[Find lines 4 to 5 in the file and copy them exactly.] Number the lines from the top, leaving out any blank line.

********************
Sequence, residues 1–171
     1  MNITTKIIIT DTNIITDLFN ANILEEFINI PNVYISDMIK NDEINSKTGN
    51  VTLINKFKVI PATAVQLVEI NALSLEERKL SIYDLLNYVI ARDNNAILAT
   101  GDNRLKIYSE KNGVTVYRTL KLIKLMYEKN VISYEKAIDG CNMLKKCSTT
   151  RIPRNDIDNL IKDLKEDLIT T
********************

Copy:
   101  GDNRLKIYSE KNGVTVYRTL KLIKLMYEKN VISYEKAIDG CNMLKKCSTT
   151  RIPRNDIDNL IKDLKEDLIT T